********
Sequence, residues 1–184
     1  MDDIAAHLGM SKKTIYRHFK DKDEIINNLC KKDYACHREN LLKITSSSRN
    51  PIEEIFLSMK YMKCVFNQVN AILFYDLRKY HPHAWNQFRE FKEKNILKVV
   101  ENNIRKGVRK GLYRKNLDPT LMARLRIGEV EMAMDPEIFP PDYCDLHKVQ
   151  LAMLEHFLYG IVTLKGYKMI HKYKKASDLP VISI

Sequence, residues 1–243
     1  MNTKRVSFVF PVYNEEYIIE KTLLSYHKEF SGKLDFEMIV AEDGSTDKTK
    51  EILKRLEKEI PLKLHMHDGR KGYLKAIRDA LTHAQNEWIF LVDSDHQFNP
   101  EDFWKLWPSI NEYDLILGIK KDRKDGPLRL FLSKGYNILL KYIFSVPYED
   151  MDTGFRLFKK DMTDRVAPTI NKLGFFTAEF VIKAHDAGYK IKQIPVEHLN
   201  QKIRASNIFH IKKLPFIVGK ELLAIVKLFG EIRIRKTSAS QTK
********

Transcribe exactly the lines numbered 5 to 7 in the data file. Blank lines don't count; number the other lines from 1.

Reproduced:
   151  LAMLEHFLYG IVTLKGYKMI HKYKKASDLP VISI

Sequence, residues 1–243
     1  MNTKRVSFVF PVYNEEYIIE KTLLSYHKEF SGKLDFEMIV AEDGSTDKTK